This means, to quote Lin-Manuel Miranda’s “Hamilton,” that the people, finally, get to be “in the room where it happens.”
Make The Road By Walking
While the term co-governing is becoming more familiar, there is still no clear roadmap to it as a destination. But we are convinced that it is vital that we figure out a new and more democratic model for governing that engages the grassroots if we are to ever prevail on winning power and implementing People’s Action’s Long-Term Agenda for Structural Change.
This is true for a number of reasons, but chief among them is that just as we need people power to overcome the dominance of money over how officials get elected, we need people power to overcome the dominance of money over how governing decisions get made as well.
There is still much to learn. In a workshop on co-governing at this year’s convention, organizers struggled with the tension of being both “inside” and “outside”of governing power.
“Once they get elected, we have be ready to kick their ass.” That’s the adversarial position community organizers have historically defaulted to in their relationship with those who hold elected office.
It’s been a good one. But it can oversimplify one of fundamental questions of a democratic society: how to establish a partnership between electeds and those they represent. Co-governing opens the door to a relationship that can make ass-kicking unnecessary.
One workshop leader confessed that after working hard for three years to elect a candidate, she immediately defaulted to thinking their relationship should become formal and transactional, based on past experiences. She had a hard time thinking anyone in elected office could think of poor and working people as fellow travelers, rather than as just another group to mollify.
Several participants described situations where they feared elected officials were “selling out” when they engaged in negotiation, a major and intractable tension of co-governing.
Clearly, the weight of experience has led many community activists to feel “sold out” when our demands get tossed out once the folks who get inside the room cut the final deal.
But increasingly, as we gain power and get closer to that room ourselves, we also struggle with the opposite problem: if we insist on an all-or-nothing approach that puts purity over progress, we can snatch defeat from the jaws of our hard-won victory.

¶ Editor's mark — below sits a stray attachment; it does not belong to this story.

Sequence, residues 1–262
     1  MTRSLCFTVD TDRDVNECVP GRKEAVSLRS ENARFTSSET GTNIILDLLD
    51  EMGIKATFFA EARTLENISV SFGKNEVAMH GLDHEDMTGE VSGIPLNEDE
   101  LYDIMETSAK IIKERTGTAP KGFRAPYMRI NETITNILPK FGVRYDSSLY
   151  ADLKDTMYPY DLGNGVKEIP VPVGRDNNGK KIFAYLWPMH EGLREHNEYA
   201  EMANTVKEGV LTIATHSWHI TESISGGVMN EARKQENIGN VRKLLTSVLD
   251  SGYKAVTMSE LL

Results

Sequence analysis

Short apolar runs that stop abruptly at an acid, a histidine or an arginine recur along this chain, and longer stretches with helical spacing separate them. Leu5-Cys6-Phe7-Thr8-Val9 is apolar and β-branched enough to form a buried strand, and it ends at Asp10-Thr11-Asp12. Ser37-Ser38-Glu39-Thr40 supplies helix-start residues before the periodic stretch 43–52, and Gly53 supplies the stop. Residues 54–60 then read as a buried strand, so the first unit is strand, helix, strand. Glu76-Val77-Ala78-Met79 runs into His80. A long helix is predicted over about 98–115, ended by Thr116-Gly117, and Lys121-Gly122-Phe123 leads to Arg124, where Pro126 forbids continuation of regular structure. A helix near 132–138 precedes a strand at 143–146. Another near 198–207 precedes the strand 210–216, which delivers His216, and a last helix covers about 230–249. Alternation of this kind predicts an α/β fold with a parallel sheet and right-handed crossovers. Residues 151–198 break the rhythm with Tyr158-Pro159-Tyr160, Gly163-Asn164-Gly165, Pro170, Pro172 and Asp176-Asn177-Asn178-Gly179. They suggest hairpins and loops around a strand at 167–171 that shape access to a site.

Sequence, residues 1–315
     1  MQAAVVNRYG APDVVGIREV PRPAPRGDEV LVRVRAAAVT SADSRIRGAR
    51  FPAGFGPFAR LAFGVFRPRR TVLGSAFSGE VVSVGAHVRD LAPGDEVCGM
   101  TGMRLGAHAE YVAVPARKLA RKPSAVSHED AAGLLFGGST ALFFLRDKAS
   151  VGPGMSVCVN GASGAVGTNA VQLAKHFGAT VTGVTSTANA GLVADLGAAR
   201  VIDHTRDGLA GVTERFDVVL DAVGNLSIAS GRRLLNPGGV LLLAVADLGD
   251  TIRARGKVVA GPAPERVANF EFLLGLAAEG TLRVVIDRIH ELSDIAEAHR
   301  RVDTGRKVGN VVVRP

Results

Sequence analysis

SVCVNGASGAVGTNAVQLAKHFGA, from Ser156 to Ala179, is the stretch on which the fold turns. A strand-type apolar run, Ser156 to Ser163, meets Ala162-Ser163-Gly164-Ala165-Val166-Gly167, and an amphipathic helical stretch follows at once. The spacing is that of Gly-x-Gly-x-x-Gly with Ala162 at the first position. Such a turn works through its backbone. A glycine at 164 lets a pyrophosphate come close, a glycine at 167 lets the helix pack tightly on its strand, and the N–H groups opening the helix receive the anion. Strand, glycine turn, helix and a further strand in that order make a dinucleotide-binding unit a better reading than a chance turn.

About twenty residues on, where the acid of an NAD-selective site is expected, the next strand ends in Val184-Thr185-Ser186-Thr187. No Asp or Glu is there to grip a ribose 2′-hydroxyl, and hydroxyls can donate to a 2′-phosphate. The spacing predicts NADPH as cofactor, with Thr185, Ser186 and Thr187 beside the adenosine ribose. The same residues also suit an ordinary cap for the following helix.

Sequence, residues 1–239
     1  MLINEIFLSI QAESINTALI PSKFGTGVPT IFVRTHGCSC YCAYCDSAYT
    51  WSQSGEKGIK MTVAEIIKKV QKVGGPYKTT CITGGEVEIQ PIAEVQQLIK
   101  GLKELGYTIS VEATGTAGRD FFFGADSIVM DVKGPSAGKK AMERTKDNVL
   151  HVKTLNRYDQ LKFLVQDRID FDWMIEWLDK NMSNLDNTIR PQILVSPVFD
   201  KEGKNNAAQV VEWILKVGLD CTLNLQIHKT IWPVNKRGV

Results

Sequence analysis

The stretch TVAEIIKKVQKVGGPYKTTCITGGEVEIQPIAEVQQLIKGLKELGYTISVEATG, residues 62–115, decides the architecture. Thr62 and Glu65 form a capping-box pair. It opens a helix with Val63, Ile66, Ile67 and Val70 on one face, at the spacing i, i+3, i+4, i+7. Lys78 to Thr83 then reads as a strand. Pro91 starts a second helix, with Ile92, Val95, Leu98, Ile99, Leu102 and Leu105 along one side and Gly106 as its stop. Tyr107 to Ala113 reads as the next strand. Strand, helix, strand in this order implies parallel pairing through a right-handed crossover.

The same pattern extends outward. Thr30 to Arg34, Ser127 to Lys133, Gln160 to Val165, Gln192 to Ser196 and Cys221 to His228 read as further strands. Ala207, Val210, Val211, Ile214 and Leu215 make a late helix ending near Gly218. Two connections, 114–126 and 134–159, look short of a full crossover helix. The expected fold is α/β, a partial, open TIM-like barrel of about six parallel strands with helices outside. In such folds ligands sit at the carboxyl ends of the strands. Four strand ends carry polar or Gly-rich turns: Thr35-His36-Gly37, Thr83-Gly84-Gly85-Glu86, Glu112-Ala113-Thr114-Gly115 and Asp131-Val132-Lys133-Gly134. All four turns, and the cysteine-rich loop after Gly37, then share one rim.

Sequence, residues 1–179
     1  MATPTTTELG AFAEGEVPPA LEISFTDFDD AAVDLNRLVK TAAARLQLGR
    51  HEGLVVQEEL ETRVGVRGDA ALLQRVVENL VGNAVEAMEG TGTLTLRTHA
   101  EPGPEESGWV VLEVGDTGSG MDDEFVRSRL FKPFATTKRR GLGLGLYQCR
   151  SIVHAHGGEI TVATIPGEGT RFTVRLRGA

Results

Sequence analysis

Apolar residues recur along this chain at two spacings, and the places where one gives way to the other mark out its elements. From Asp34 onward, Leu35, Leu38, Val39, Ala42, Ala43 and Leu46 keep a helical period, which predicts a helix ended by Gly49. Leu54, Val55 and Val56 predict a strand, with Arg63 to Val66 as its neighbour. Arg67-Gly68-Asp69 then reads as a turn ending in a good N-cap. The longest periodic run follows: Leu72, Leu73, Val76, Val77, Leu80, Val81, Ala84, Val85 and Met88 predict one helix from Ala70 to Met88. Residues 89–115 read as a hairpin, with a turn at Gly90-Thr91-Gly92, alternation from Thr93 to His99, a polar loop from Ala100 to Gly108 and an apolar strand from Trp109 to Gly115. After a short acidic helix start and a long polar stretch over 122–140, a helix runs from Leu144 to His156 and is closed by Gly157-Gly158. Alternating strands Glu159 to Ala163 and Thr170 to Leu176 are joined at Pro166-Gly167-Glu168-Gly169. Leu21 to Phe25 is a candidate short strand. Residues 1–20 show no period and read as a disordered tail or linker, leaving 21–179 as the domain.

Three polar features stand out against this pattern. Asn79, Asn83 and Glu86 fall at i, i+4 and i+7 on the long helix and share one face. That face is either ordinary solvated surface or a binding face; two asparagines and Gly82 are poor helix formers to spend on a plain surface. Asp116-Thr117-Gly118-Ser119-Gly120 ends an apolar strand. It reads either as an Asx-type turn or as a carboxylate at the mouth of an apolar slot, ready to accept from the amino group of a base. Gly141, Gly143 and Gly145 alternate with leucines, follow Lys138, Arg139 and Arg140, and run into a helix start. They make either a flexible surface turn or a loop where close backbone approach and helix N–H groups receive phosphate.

This tension between principle and pragmatism lies at the core of co-governing, and will always be there because the line between necessary and unacceptable compromise is never as clear as we’d like.
What must be figured out for co-governing to flourish is for the community, its leaders and our electeds to fashion clear parameters, bottom lines and processes that guide us in making these difficult judgments together. Only experience can be our guide.
It requires meaningful community engagement that both inform those bottom lines while providing the kind of political education that allows rank and file members to become shrewd and sophisticated political actors capable of advancing the boldest narratives and agendas while discerning what’s actually possible to win now.
Co-governing may still be a grand experiment, but it’s one that’s becoming more real every day. And as Sarah, Tasha and other members of People’s Action Movement Co-Governing Cohort work out the inherent obstacles and tensions within co-governing, they make it more viable, and we can already cite important examples of breakthroughs and success that can lead us forward.
How Inequality Makes US Poorer
By Stumbling and Mumbling. My chart shows the point. It shows the 20-year annualized rate of growth in GDP per worker-hour. It’s clear that this was much stronger during the relatively egalitarian period from 1945 to the mid-70s than it was before or since, when inequality was higher. This might, of course, be coincidence: maybe WWII caused both a backlog of investment and innovation which allowed a subsequent growth spurt and a desire for greater equality. Or it might not. This is not the only evidence for the possibility that inequality is bad for growth. -more-